Soft padded paws kicked up sand as they sprinted towards us, excited by the fuss we were making over them. A flurry of patches and big black ears circled our cruiser momentarily and then they were off in all directions. We began reversing but by the time we were over the lip of the river, the dogs had vanished, and the hot pursuit began again!

We swung around and began to climb the mountain slope until we saw a big grey, lumbering roadblock hurtling towards us!

Big grey roadblock
You could smell him before you saw him. His frame blocked out the morning sun as he towered over us, urine gushing out between his back legs, temples shiny with oily secretion and his trunk snaking towards our vehicle, investigating what this foreigner wanted in his wilderness. Once the formalities were over, he continued his hefty walk down to the soft river sand where he started devouring the lush vegetation on the bank’s edge.

The road opened to a wide open plane, and there in the middle stood six wild dogs, circling four sub-adult cheetah. The dogs chattered excitedly amongst each other, their tails erect in the air, white tips saluting the morning sun. This was the classic dogs versus cats scenario, but in the wild.

The cats grouped together with their backs to each other while keeping the dogs at swiping length. Hair stood up on their spotted backs and their teeth glared sharply as the dogs closed in.

Guide Frances explained the reasons behind the intense behaviour, “The wild dog and cheetah interaction was as tense as it was because the wild dogs are still finding their paws and are essentially ‘house shopping’. So when they find themselves in another predator’s territory by chance, they will either turn in the opposite direction or stand strong and face up to them… it all depends on the predators they encounter. They would have run from lions if they were caught in their territory, for example, but they stood their ground when faced with cheetahs.”

Wild dogs close in on cheetahs
Wild dogs each have specific rank within their pack, and as one of the excited smaller dogs at the back rushed forward, the dogs piled onto it to reaffirm the hierarchy. As the dogs battled with their inner politics, the cheetahs seized their chance and retreated to a thorny bush, which they used as a barricade.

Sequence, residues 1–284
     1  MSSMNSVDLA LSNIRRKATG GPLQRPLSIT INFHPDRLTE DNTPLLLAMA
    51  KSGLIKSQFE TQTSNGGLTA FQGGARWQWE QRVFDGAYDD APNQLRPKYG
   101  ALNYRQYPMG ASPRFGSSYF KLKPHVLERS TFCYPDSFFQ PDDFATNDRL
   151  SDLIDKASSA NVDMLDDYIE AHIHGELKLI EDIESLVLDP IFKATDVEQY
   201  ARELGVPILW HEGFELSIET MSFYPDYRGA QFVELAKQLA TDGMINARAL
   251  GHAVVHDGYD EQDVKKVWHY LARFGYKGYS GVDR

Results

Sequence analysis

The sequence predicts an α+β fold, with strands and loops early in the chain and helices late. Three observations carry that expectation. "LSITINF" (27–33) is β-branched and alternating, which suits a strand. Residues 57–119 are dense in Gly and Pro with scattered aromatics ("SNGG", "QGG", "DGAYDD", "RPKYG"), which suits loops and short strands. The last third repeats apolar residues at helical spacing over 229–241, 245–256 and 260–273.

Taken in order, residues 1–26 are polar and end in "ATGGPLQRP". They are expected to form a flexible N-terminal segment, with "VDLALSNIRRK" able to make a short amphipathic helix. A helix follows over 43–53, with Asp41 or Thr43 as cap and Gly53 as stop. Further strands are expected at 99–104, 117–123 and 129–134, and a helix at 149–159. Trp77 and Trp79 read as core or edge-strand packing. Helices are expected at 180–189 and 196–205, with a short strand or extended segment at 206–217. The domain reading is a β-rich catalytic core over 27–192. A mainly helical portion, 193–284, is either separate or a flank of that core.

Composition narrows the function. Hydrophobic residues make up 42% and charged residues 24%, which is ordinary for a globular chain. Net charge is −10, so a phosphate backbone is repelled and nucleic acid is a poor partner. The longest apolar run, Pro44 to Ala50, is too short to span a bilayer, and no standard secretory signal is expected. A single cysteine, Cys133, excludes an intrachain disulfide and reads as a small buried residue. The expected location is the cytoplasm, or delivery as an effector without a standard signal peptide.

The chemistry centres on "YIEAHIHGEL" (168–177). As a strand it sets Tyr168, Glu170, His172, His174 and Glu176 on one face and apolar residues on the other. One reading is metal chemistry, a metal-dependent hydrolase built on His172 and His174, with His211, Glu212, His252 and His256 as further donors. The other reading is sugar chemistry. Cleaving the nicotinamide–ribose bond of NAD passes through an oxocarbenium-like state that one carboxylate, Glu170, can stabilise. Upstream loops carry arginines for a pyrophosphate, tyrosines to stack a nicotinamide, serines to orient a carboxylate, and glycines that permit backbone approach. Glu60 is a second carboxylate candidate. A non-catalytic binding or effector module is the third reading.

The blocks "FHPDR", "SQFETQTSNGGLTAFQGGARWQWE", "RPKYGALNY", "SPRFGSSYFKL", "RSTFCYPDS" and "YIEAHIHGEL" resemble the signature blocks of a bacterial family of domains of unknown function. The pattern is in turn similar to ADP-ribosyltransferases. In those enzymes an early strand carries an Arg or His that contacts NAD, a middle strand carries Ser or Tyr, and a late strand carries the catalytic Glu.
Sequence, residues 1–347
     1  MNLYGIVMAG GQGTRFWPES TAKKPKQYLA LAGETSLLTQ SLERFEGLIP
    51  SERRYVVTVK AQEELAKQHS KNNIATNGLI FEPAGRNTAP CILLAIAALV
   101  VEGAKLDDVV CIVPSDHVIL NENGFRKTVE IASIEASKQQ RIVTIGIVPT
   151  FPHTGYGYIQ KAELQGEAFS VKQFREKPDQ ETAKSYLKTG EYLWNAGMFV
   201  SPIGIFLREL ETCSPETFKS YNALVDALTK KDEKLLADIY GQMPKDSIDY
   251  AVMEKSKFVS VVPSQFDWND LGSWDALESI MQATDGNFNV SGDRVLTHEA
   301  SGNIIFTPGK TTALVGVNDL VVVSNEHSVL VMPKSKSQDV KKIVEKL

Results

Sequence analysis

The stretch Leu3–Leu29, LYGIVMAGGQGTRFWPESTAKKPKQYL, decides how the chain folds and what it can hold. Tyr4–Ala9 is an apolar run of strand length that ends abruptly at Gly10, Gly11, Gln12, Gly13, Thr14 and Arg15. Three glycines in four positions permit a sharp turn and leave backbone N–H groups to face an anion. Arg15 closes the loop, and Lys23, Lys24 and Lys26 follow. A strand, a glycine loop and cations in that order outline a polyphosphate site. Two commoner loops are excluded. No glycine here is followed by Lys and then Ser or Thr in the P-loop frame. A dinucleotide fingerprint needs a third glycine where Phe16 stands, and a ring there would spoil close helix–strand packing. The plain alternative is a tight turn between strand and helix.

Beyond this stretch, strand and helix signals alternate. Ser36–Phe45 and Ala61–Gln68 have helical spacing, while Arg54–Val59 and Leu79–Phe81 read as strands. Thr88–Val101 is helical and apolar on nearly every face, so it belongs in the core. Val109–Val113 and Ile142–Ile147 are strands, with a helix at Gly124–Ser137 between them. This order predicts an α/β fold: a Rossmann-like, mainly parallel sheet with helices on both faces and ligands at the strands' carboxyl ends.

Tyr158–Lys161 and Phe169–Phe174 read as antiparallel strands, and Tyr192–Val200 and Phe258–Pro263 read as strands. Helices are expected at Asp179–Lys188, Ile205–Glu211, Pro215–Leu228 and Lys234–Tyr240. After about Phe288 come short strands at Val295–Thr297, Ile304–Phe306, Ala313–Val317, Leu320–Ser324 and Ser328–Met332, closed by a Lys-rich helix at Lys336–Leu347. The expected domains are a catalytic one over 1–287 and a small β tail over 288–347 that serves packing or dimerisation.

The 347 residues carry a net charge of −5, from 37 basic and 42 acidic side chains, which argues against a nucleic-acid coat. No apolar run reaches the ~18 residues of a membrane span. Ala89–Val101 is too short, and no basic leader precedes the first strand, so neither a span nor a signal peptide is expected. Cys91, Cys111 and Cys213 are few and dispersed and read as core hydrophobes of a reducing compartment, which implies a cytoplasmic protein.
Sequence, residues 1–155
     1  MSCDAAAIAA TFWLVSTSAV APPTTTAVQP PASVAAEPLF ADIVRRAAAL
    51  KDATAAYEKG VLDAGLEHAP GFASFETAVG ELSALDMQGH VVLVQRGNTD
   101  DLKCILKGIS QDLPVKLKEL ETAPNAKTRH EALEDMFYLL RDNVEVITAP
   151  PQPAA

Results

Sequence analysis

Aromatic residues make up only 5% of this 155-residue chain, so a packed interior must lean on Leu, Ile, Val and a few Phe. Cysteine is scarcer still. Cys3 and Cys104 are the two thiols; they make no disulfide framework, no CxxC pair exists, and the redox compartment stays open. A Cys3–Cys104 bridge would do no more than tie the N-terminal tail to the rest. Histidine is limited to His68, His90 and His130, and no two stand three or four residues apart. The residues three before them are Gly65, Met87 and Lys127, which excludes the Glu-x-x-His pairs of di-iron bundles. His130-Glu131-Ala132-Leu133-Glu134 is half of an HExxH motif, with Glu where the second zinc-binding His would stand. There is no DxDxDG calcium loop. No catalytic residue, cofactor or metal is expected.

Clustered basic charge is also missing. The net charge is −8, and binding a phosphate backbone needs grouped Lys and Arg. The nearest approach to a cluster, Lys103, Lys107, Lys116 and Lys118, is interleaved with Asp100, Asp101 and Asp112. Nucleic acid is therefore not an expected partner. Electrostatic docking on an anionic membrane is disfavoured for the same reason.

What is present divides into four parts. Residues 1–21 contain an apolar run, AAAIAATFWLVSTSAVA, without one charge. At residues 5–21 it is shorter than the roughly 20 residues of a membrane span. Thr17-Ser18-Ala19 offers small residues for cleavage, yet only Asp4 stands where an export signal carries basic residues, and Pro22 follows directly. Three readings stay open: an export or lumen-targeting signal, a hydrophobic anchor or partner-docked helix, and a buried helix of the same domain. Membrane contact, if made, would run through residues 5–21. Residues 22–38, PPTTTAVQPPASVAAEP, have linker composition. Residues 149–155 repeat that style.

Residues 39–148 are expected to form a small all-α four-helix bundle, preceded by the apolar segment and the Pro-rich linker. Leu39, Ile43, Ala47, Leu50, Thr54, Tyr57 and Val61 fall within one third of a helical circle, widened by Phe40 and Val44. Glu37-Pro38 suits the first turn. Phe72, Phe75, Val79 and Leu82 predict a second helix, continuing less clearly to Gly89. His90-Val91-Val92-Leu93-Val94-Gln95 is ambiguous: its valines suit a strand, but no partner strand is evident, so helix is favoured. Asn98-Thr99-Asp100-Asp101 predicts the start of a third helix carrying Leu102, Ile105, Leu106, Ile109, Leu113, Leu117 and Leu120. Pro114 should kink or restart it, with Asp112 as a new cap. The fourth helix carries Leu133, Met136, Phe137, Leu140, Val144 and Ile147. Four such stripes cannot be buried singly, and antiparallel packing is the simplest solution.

six wild dogs
The battle continued between the curtains of bush until the dogs admitted defeat and energetically moved along, bouncing off each other’s adrenalin. We all took a deep breath; the sun was warming our skin and we were elated to have found the dogs in such an eager state!

It was a morning full of action fit for the silver screen that guests were lucky enough to witness.


Blog post originally published on Africa Geographic

Sunday, May 11, 2014

King of the Jungle

Stereotypes are way too simple, you know: black rhino are shy and retiring, the lion is the king of the jungle ... ranger Frances Hannah explains that what you expect is not always what you get.

I was approaching a block of open plane grassland, the male lion and lioness were well hidden in the long grass but I could see the other vehicle on a sighting in the distance.  I was making my way towards the other vehicle when a young black rhino bull stepped out of the thicket to my right and gave us a fantastic sighting, head held high, curious yet timid.  Once he grew bored of our clicking cameras he moved back into the thicket of knob thorns and out of our view, or so we thought!

We carried on towards the lions; the male was sitting in eager anticipation; he clearly was waiting for something from the female that she was not willing to give him.  As we were enthralled in the lion sighting I saw a dark figure come stomping out across the plane.  Mr rhino was not putting up with coming second best and he was making a direct beeline for my vehicle.   I changed gears to reverse, ready to get out quickly if needed, the young bull sniffed the air, he was out of range of the female lioness, but was about to walk straight past the male lion!  My heart was beating as the ground between the rhino and my vehicle grew less and less.  As soon as the bull got whiff of the male it was like a trigger went loose!  The rhino bull turned suddenly to face the lion a mere 20 metres to his left and our majestic male lion became petrified and skulked low into the grass.  The rhino bull gave one grunt and went full charge towards the lion!  The male lion took off like a cat caught eating the pet budgie; the rhino was galloping behind him with no signs of giving up the chase!

The black rhino chased the male lion right out of the grassy planes, over the road and off into the next field where the rhino diverted off up the road.  The male lion gave a few roars and moans, obviously feeling very foolish for being chased by a young rhino bull!  When the male lion returned to his grassy rest spot, his ego bruised and reputation dented; he felt as if he needed to re establish his manhood, so he went up to the female with determination and all he got was a paw to the face and a very unwelcoming growl!   Who did we say was the king of the jungle again??